CLONE ORACLE DATABASE WITH COLD BACKUP:

1. Identify and copy the database files
With the source database started, identify all of the database’s files. The following query will display all datafiles, tempfiles and redo logs:

set lines 100 pages 999
col name format a50
select name, bytes
from (select name, bytes
from v$datafile
union all
select name, bytes
from v$tempfile
union all
select lf.member “name”, l.bytes
from v$logfile lf
, v$log l
where lf.group# = l.group#) used
, (select sum(bytes) as poo
from dba_free_space) free
/

OR

SQL>Select name from v$datafile;
SQL>Select member from v$logfile;

Make sure that the clone databases file-system is large enough and has all necessary directories.
If the source database has a complex file structure, you might want to consider modifying the
above sql to produce a file copy script.

Stop the source database with:

shutdown immediate

Copy, scp or ftp the files from the source database/machine to the target.
Do not copy the control files across. Make sure that the files have the correct permissions and ownership.

Start the source database up again

startup

2. Produce a pfile for the new database

This step assumes that you are using a spfile. If you are not, just copy the existing pfile.

From sqlplus:

create pfile=’init.ora’ from spfile;
This will create a new pfile in the $ORACLE_HOME/dbs directory.

Once created, the new pfile will need to be edited. If the cloned database is to have a new name,
this will need to be changed, as will any paths. Review the contents of the file and make
alterations as necessary.
Also think about adjusting memory parameters. If you are cloning a production database onto
a slower development machine you might want to consider reducing some values.

Now open the parameter file in clone database and change the following parameters with the respective current location.

CONTROL FILES
BACKGROUND_DUMP_DEST
USER_DUMP_DEST
CORE_DUMP_DEST
LOG_ARCHIVE_DEST_1

And Place the BST4 pfile on /$ORACLE_HOME/dbs

Note. Pay particular attention to the control locations.

3. Create the clone controlfile

Create a control file for the new database. To do this, connect to the source database and request a dump of the current control file. From sqlplus:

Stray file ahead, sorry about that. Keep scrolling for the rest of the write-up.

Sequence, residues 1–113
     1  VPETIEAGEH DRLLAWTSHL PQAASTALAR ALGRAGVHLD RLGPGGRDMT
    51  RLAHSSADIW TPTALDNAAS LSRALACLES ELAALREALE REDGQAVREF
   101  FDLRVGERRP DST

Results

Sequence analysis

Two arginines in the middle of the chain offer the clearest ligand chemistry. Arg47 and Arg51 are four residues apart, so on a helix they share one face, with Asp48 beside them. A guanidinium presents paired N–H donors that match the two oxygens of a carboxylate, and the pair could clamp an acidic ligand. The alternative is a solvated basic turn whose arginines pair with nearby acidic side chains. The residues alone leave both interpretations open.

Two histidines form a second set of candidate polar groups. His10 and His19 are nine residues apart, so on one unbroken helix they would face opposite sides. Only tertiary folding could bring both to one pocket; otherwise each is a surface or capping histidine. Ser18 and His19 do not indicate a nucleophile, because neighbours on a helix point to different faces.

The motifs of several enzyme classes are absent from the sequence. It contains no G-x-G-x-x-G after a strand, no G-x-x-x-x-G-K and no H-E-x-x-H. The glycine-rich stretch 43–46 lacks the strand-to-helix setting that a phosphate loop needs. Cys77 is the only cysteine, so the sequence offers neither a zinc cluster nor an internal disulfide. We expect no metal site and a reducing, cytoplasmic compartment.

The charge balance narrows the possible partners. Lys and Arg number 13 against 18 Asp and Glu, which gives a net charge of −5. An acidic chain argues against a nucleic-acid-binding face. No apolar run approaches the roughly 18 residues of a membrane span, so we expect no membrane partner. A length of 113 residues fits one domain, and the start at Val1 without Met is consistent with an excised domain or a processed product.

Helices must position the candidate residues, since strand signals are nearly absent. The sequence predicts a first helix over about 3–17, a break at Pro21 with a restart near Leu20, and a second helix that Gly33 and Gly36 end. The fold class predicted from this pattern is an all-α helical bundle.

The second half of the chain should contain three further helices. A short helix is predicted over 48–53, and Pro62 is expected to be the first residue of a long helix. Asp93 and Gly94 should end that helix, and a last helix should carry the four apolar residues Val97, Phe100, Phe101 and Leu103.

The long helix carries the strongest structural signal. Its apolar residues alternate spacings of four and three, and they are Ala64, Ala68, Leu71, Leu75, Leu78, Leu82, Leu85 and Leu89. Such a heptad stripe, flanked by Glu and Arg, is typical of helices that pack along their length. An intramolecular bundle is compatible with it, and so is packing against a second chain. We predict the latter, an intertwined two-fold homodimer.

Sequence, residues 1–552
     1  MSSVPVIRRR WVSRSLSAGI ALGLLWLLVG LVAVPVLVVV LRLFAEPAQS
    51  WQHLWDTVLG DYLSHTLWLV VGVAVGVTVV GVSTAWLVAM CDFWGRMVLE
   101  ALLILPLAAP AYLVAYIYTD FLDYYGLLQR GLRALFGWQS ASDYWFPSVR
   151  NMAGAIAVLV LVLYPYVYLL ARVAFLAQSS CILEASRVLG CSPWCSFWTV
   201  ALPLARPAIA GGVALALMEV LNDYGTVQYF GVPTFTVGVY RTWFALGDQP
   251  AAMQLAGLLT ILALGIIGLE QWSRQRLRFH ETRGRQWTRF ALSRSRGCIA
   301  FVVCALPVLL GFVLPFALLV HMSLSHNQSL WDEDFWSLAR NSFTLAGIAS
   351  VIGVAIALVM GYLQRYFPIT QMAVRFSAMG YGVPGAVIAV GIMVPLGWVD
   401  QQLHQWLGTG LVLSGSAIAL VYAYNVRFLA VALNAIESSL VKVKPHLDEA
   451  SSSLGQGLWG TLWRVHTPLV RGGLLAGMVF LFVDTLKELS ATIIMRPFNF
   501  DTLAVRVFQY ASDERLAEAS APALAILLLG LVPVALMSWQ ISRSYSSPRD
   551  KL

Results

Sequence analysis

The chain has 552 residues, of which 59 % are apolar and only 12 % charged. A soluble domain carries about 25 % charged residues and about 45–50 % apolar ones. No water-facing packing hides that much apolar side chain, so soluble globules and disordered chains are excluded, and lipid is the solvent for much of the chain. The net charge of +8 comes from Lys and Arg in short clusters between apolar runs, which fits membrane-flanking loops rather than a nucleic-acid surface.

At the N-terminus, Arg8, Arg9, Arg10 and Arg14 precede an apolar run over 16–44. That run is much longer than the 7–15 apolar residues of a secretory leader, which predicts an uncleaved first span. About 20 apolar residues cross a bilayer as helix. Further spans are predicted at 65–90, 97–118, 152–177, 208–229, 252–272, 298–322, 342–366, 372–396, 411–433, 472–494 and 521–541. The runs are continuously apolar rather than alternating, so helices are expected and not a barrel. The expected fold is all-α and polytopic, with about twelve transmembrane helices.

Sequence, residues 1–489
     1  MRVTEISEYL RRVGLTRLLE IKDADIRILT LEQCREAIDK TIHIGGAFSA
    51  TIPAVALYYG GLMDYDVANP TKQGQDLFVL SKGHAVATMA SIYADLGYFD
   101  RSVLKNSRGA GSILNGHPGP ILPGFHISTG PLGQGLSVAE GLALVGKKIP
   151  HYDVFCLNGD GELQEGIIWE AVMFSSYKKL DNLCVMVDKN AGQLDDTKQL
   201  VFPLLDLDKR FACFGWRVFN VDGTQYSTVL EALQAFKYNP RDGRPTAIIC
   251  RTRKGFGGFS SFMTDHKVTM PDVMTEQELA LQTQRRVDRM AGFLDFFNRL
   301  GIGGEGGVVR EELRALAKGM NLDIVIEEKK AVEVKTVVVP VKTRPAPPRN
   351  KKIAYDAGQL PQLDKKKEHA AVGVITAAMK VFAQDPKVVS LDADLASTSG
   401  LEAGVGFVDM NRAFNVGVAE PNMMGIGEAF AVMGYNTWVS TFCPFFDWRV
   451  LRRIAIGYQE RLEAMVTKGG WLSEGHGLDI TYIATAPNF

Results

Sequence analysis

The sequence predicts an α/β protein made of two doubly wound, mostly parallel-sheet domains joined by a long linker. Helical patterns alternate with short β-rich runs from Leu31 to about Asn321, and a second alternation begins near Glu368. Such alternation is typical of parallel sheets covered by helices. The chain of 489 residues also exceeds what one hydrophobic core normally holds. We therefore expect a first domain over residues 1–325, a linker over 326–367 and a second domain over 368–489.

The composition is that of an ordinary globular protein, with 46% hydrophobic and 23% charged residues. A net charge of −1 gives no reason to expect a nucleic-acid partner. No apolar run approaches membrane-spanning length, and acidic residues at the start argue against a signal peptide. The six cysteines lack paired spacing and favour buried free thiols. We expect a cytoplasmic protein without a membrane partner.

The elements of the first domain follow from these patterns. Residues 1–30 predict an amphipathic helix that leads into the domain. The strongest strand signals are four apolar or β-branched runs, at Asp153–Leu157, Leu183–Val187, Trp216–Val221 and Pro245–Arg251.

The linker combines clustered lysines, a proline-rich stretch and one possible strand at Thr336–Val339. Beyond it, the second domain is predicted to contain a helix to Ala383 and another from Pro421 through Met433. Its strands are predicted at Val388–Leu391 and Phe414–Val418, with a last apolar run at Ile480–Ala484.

alter database backup controlfile to trace as ‘/home/oracle/cr_.sql’
/

4. Edit the file

FROM: CREATE CONTROLFILE REUSE DATABASE “BST2” RESETLOGS …
TO: CREATE CONTROLFILE set DATABASE “BST4” RESETLOGS …

Change the word ‘REUSE’ to ‘set’ and the ‘BST2’ to ‘BST4’. Also change the datafiles location parameter to BST4 database location.

CONTROL FILES
BACKGROUND_DUMP_DEST
USER_DUMP_DEST
CORE_DUMP_DEST
LOG_ARCHIVE_DEST_1

And Place the BST4 pfile on /DV1_u31/oraBST2/db/tech_st/10.2.0/dbs

5. In clone database SERVER export ORACLE_SID environment variable and start the instance
$export ORACLE_SID=bst4
$sqlplus
Enter User:/ as sysdba
SQL> startup nomount pfile=’initBST4.ora’;

6. Run create controlfile script to create the controlfile
SQL>@createcontrolfile.sql

Trouble shoot:

It is quite common to run into problems at this stage. Here are a couple of common errors and solutions:

ORA-01113: file 1 needs media recoveryYou probably forgot to stop the source database before copying the files.
Go back to step 1 and recopy the files.

ORA-01503: CREATE CONTROLFILE failed
ORA-00200: controlfile could not be created
ORA-00202: controlfile: ‘/u03/oradata/dg9a/control01.ctl’
ORA-27038: skgfrcre: file exists
Double check the pfile created in step 2. Make sure the control_files setting
is pointing at the correct location. If the control_file setting is ok, make sure that the control
files were not copied with the rest of the database files. If they were, delete or rename them.

7. Open the database

SQL>alter database open;

8. Perform a few checks

If the last step went smoothly, the database should be open.
It is advisable to perform a few checks at this point:

Check that the database has opened with:
select status from v$instance;
The status should be ‘OPEN’

Make sure that the datafiles are all ok:
select distinct status from v$datafile;
It should return only ONLINE and SYSTEM.

Take a quick look at the alert log too.

9. Set the databases global name

The new database will still have the source databases global name. Run the following to reset it:

alter database rename global_name to
/

10. Create a spfile

From sqlplus:
create spfile from pfile;

11. Change the database ID

If RMAN is going to be used to back-up the database, the database ID must be changed.
If RMAN isn’t going to be used, there is no harm in changing the ID anyway – and it’s a good practice to do so.

From sqlplus:

shutdown immediate
startup mount
exit
From unix:

nid target=/
NID will ask if you want to change the ID. Respond with ‘Y’. Once it has finished, start the database up again in sqlplus:

shutdown immediate
startup mount
alter database open resetlogs
/
12. Configure TNS

Add entries for new database in the listener.ora and tnsnames.ora as necessary.

13. Finished
That’s it!

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About shanojkumar

* Has 12 years of experience in Planning, Implementing, Managing and Monitoring the Oracle Databases as an (Oracle 10g & 11g OCP) Certified Oracle Database Administrator.
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